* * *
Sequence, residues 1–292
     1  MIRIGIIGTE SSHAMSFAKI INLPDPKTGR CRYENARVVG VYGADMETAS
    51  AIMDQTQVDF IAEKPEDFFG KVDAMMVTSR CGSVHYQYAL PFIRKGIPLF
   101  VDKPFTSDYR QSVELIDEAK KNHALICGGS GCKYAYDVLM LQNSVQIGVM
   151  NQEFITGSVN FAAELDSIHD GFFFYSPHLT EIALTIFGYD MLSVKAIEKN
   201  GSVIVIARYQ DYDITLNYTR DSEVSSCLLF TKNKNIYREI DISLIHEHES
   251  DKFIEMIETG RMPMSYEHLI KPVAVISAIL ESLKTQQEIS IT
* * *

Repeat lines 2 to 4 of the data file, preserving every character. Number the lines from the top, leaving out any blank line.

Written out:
     1  MIRIGIIGTE SSHAMSFAKI INLPDPKTGR CRYENARVVG VYGADMETAS
    51  AIMDQTQVDF IAEKPEDFFG KVDAMMVTSR CGSVHYQYAL PFIRKGIPLF
   101  VDKPFTSDYR QSVELIDEAK KNHALICGGS GCKYAYDVLM LQNSVQIGVM